All the films mentioned by name in Kim Newman's definitive encyclopedia of horror films, Nightmare Movies. Well worth a read.…
Adapt or die.
Arizona ants mock the food chain on their way to a desert lab to get two scientists and a woman.
I was pretty curious as to the body of work the cinematographer of Phase IV is known for outside of this project, so I wanted to look him up. To show my level of maturity and let you know that you should take my opinions and observations with a grain of salt, I couldn't do anything but giggle at his name - Dick Bush. Although, wildlife photographer Ken Middleham was responsible for a majority of what we see in the film--the closeup photography of the ants. Normally I love this sort of stuff in nature documentaries, but the main difference here is that it's used in a film without a narrator giving tons of facts about the creatures we're watching.…
The story about an interspecies conflict for global conquest between man and ant is not exactly the sort of stuff I expected from famed film credits designer Saul Bass. A cool crime caper is more what I had in mind when I think of his style, and yet here’s Phase IV coming right out of left field. His only work as a director is a weird sci-fi/horror/war pastiche that deemphasizes the human drama while favoring the insects’ point of view, resulting in a refreshing take on the usual B-movie creature feature trope. Ants take center stage whereas the main actors are no more than tired caricatures. In contrast to the mindless, hulking beasts from the Atomic Age cautionary tale Them!,…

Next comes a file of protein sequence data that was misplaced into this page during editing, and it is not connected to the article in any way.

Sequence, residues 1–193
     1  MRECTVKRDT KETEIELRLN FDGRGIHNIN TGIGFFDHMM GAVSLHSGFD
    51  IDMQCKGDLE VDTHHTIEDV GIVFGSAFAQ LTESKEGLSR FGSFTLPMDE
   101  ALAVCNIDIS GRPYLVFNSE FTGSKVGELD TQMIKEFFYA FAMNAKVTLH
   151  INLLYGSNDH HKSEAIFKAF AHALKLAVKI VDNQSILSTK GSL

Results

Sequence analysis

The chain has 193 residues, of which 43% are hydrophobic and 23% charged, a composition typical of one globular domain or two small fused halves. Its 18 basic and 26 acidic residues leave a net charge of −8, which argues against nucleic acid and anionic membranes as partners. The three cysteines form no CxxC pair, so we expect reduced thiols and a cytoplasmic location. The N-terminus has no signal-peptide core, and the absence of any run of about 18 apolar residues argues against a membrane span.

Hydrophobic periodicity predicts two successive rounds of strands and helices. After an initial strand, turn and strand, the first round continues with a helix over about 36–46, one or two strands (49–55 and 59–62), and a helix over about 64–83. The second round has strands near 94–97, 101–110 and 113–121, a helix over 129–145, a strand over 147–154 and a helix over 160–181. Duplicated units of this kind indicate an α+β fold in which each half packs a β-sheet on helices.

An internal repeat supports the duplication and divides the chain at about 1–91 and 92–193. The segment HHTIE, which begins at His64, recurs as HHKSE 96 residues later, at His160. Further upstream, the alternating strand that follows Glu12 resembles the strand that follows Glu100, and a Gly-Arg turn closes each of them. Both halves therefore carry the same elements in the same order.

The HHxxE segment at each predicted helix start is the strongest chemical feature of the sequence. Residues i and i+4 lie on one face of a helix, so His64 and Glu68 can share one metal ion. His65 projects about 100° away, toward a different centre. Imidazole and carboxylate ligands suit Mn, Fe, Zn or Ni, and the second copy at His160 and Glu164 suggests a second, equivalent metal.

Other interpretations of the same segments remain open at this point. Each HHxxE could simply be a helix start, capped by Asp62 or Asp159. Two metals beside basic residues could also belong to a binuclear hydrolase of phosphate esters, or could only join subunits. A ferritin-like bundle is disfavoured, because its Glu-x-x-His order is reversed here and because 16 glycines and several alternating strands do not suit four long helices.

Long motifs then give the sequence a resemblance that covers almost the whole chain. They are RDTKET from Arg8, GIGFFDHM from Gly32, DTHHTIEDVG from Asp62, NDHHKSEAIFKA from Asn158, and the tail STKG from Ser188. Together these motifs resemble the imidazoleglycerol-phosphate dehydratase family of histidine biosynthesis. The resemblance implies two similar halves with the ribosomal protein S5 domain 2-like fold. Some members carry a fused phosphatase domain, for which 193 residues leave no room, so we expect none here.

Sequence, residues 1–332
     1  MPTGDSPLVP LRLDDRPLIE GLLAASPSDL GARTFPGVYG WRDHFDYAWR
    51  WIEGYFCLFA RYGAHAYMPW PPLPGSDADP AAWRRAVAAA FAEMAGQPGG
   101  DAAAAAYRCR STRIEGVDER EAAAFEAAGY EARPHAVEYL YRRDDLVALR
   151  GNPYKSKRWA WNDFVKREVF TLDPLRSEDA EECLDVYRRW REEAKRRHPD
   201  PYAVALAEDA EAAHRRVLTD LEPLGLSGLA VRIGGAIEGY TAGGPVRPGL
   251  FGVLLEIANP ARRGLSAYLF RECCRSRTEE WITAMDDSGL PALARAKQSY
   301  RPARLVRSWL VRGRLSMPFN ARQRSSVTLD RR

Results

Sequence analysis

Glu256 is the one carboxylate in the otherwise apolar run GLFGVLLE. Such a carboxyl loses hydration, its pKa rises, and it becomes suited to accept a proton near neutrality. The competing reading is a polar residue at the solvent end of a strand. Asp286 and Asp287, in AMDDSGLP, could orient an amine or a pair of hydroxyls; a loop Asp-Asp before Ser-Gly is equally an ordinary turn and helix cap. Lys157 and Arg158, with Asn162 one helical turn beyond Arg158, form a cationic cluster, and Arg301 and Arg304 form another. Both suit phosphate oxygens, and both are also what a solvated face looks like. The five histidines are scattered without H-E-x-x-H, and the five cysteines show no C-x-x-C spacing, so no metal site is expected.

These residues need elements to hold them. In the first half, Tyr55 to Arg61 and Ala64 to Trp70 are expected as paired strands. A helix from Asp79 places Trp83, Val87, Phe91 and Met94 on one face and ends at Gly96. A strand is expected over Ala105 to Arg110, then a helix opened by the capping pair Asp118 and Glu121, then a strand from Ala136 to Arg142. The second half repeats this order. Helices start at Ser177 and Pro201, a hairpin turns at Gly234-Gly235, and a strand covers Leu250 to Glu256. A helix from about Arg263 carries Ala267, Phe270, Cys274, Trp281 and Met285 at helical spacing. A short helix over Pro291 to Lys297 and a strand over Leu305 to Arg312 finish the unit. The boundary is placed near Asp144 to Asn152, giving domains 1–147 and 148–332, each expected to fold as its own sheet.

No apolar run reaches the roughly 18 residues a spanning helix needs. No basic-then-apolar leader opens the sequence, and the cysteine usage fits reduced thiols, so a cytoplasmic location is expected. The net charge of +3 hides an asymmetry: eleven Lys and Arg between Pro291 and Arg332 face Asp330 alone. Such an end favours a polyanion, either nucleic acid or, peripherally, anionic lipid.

"We had quite a severe ant problem at the vineyard this year. I had Art Garfunkel come by with his compressor, and we created a total vacuum outside the house, and we blew the ants out the front door. But I'm sure you high-tech NASA people could care less about our resort-town ways."
Phase IV answers the ultimate cinematic question, what would happen if you mixed 2001: A Space Odyssey with Them!. This film would be the result. Though it is admittedly nowhere near as good as either of those seminal sci-fi works, it is a surprisingly well made, intelligent killer ant film, something which I don't get to say near often enough.
After a cosmic occurrence which prophets say will be the end of the world, humanity is surprised to find that nothing has changed the next day, at least that they can see. Deep within the acrid desert of the American Southwest an army is being forged. Ants from disparate species are joining forces and constructing massive towers, and soon they…
Not a typical science fiction or ecological thriller, Saul Bass's directorial outing, "Phase IV," is a low-key piece of work that is as remarkable for its style as it is anything else. With its closeup cinematography, lack of dialogue, and focus on the real power of nature, the film is a genre oddity. It may not be for everyone, but it is strangely compelling.
Feeling like a combination nature documentary, experimental science fiction film, and 1970s thriller, "Phase IV" is built around the attempts of two scientists to stave off an invasion from ants. The ants are not imbued with radioactive powers or other genre pretensions, they are simply dangerous in their massive, collective amounts.
The standard genre plotting gives…